Cleveland, OH

This submission reflects this organization's contribution to the climate effort, representative of their current actions and commitments as well as the ways in which they intend to step up and collaborate with others.

Cleveland, OH's Climate Action Contribution

About Cleveland, OH's Climate Efforts

Under Mayor Frank G. Jackson, the City of Cleveland has been formally committed to climate action since signing the U.S. Mayors Climate Protection Agreement in 2006. Since then we've participated in the United Nations Global Compact, the Global Covenant of Mayors for Climate and Energy, and Climate Mayors. The City of Cleveland is fully committed to the Paris Climate Agreement, which has been reflected in our actions. The City released the Cleveland Climate Action Plan in 2013, and is currently working with 90 organizations to update this plan in 2018.

Climate Action Commitments

Current Climate Actions Cleveland, OH Is Taking:

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Partner with other US cities/counties to advocate for national climate policies and take collective action: Climate Mayors

Climate Mayors, founded in 2014, is a bipartisan, peer-to-peer network of over 400 U.S. mayors working together to demonstrate leadership on climate through meaningful actions in their communities, and to express and build political will for effective federal and global policy action.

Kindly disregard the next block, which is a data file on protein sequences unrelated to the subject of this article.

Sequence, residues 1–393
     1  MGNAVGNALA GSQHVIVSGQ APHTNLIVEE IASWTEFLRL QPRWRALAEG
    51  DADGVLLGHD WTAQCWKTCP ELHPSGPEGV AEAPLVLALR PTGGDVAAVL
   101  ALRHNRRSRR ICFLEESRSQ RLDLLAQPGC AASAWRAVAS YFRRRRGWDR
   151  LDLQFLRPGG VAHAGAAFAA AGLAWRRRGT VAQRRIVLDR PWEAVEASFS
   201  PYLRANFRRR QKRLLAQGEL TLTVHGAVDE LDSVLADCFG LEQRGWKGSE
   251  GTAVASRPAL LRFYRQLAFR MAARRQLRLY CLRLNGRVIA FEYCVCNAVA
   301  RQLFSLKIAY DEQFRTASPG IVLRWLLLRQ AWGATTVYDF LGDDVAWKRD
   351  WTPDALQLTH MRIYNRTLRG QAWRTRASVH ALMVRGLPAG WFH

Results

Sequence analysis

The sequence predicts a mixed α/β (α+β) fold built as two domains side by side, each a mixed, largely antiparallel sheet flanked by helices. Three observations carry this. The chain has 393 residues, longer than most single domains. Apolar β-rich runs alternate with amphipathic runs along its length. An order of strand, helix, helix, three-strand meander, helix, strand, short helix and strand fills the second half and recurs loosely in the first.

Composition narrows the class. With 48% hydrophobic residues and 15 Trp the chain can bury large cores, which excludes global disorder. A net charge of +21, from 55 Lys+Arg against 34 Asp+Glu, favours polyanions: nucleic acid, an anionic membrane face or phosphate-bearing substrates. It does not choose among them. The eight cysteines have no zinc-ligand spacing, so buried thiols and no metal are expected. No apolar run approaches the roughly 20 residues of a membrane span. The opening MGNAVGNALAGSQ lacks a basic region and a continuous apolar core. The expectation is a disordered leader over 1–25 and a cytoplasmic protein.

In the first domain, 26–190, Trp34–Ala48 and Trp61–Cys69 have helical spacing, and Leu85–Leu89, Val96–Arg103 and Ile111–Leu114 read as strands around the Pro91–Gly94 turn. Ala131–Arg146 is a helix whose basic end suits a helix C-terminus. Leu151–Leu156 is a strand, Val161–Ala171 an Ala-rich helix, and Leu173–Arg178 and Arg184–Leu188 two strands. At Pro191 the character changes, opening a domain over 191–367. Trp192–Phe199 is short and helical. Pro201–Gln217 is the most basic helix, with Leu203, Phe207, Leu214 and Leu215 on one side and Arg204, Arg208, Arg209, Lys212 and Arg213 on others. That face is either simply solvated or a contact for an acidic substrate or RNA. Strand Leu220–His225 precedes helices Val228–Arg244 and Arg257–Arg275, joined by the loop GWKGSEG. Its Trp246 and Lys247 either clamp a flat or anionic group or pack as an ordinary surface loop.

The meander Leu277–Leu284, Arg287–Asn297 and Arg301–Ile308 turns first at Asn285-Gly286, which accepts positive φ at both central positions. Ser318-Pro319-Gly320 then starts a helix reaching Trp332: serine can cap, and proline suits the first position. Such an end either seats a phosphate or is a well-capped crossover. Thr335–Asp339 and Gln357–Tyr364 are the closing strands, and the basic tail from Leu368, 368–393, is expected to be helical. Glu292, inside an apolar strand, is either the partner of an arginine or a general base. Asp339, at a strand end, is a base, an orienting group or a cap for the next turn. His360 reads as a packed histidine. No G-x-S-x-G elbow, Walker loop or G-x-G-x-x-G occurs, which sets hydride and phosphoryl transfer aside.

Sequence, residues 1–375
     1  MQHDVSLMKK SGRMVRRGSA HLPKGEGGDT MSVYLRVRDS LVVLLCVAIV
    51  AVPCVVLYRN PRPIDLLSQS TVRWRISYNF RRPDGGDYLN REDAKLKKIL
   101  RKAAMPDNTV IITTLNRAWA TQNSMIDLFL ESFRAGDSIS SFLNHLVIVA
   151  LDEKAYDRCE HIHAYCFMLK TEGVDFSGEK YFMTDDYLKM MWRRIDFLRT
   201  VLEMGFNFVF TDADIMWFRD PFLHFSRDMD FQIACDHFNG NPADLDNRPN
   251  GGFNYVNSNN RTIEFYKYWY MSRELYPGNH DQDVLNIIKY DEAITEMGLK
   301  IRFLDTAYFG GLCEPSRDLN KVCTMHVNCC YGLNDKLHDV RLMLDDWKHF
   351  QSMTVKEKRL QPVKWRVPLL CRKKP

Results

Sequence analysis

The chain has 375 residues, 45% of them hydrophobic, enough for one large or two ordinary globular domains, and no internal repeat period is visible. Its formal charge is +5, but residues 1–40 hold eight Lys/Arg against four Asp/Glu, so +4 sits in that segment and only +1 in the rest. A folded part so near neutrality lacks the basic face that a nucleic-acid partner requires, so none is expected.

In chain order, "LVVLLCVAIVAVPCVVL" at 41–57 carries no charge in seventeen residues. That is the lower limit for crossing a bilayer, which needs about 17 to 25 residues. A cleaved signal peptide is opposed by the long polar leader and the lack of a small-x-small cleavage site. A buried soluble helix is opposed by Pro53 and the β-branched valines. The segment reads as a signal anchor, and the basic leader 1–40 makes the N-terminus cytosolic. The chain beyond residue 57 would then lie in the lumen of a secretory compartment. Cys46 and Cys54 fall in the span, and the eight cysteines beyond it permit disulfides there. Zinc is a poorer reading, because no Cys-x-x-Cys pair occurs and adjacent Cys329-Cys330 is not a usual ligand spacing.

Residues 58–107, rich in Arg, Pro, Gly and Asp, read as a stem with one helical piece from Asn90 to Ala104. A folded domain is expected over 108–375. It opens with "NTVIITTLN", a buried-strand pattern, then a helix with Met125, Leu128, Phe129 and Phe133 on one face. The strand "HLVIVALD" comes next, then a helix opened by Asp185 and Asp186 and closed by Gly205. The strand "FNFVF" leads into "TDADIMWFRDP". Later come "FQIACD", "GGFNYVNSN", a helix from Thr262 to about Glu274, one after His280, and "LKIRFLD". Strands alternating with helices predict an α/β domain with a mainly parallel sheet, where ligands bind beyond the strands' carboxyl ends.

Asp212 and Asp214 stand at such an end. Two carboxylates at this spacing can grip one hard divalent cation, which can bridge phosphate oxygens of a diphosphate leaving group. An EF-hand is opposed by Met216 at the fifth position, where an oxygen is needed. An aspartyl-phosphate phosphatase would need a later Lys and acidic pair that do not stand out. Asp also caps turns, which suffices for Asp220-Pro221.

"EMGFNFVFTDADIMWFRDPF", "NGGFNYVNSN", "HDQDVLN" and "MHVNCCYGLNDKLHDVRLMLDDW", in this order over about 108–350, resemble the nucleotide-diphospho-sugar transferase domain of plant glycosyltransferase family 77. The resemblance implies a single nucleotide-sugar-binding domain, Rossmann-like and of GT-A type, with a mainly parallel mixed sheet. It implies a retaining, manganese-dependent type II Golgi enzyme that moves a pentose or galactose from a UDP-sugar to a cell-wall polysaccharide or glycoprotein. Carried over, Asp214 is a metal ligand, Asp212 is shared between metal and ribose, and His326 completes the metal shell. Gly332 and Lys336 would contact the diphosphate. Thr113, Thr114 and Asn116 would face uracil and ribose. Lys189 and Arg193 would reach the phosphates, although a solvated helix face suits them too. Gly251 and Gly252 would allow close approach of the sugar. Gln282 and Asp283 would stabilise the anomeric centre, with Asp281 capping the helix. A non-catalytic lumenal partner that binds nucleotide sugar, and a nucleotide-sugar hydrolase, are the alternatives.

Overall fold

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Purchase renewable power or build on-site renewable electricity to run local government needs

Powering your own operations with renewable electricity or using local government buildings and land to site solar PV panels is within the decision-making authority of most localities and can be a model to your community.

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Increase energy efficiency of local government operations, such as buildings, street lighting, and water or wastewater plants

Energy efficiency is the best way to save taxpayer money and cut climate pollution right now. The average building wastes about a third of the energy it uses. Consider implementing a strategic energy management plan for all major operations.